By NATARIO McKENZIE
Tribune Business Reporter
JAMAICA - The Bahamas’ high number of delinquent residential mortgages is a “huge concern” for both the Government and commercial banking industry, with CIBC FirstCaribbean’s top regional executive predicting that a revised Mortgage Relief Plan could be unveiled in a few weeks.
In an interview with Tribune Business at the bank’s third annual infrastructure conference in Montego Bay, Rik Parkhill said: “It’s obviously a huge concern for the Government and for us in terms of just the number of non-performing residential mortgages.
“We have been having a dialogue with the Government and other commercial banks to try and develop a proposal that gets the Government to where they want to go, and helps us with our non-performing mortgages in the Bahamas, while keeping as many people in their homes as possible for as long as possible.”
Mr Parkhill added: “I think we share a mutual goal. What the proposal looks like, I think that will see the full light of day in perhaps a couple of weeks.”
Prime Minister Perry Christie last week said his government was still committed to developing a Mortgage Relief Plan despite its previous failure, revealing he had received a communication from one commercial bank that takes the initiative to an unspecified “major stage”.
Mr Christie told MPs that he would reveal more when closing the 204-2015 Budget debate on Thursday, but that never happened as the debate was brought to an early close.
When the PLP’s first Mortgage Relief Plan was introduced in September 2012, there were an estimated 4,000 homeowners in arrears. Some $10 million was allocated for the plan, and 1,000 were estimated as qualifying for assistance.
It was later admitted that just four or five homeowners had benefited.
“In previous interventions, I have indicated that the Government remains very much focused on a Mortgage Relief programme which turned out to be more complicated than both the banks and ourselves imagined,” Mr Christie said last week.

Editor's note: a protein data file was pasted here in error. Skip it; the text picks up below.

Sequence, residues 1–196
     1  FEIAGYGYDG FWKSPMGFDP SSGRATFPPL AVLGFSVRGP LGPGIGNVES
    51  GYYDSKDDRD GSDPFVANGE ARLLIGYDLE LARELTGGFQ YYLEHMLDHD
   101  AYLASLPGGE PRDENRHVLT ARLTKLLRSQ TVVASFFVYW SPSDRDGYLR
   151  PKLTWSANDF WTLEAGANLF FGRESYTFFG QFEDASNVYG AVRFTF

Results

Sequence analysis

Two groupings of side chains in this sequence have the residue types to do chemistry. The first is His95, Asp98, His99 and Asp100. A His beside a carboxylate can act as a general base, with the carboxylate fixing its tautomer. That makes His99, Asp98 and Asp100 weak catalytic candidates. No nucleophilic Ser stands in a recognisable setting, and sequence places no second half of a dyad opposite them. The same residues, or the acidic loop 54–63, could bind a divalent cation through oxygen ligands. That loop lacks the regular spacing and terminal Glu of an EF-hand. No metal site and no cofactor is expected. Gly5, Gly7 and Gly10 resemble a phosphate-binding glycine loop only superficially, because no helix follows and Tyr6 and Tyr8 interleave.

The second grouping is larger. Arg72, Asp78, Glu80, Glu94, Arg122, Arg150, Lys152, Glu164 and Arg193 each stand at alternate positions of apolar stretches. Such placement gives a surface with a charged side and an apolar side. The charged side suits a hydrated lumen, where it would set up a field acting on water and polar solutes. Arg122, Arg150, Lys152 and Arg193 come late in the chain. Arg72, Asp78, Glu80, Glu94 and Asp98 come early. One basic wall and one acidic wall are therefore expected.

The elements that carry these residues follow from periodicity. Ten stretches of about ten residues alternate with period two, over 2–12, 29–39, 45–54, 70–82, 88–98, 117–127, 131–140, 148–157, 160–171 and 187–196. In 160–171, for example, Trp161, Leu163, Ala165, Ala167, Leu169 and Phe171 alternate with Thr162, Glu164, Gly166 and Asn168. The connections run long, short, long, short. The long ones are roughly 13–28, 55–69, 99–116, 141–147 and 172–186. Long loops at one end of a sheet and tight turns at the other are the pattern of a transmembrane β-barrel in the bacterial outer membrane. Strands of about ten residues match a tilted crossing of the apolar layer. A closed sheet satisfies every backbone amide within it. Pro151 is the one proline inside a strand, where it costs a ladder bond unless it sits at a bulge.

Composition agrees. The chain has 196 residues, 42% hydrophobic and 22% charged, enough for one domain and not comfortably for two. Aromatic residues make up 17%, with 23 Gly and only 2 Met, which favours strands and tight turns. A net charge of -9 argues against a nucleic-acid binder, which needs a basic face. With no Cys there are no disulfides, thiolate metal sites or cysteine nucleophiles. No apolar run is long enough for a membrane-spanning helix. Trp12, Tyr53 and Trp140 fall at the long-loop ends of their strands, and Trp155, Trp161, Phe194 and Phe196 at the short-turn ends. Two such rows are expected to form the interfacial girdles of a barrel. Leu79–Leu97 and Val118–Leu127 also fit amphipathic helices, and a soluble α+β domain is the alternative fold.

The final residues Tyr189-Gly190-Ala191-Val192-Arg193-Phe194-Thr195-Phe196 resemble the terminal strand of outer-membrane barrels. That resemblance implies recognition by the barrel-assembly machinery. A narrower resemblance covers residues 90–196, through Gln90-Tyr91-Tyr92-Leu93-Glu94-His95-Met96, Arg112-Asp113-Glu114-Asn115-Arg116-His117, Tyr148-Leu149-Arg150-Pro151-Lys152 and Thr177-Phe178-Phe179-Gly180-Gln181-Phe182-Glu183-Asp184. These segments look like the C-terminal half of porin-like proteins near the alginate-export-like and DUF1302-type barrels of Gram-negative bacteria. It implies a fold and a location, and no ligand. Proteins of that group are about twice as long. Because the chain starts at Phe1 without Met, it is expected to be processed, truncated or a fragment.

Dionisio D’Aguilar, the former Bahamas Chamber of Commerce president, told Tribune Business earlier this month that the Mortgage Relief Plan was “the most asinine policy I have ever heard”.
He argued that the Government’s plan to reinvigorating the housing market, and deal with the non-performing mortgage crisis, would cause the commercial banks to “completely shut down” on new lending.
Mr D’Aguilar said the Christie administration’s focus should instead be working with the banks to develop a viable scheme for getting the current $700 million worth of non-performing mortgages off their balance sheets, so liquidity for new loans could be freed up.
Meanwhile, Franklyn Wilson, the Arawak Homes chairman, who is leading negotiations on the Government’s behalf with the commercial banks over a revised Mortgage Relief Plan, said both sides “recognise it’s in the national interest” to solve the problem.
Mr Wilson did not dispute Tribune Business’s assessment that it could take the banking industry another decade to clear its $1.2 billion pile of ‘bad’ loans.
This threatens to act as a continual ‘drag’ on the economy, and impediment to growth by deterring new lending.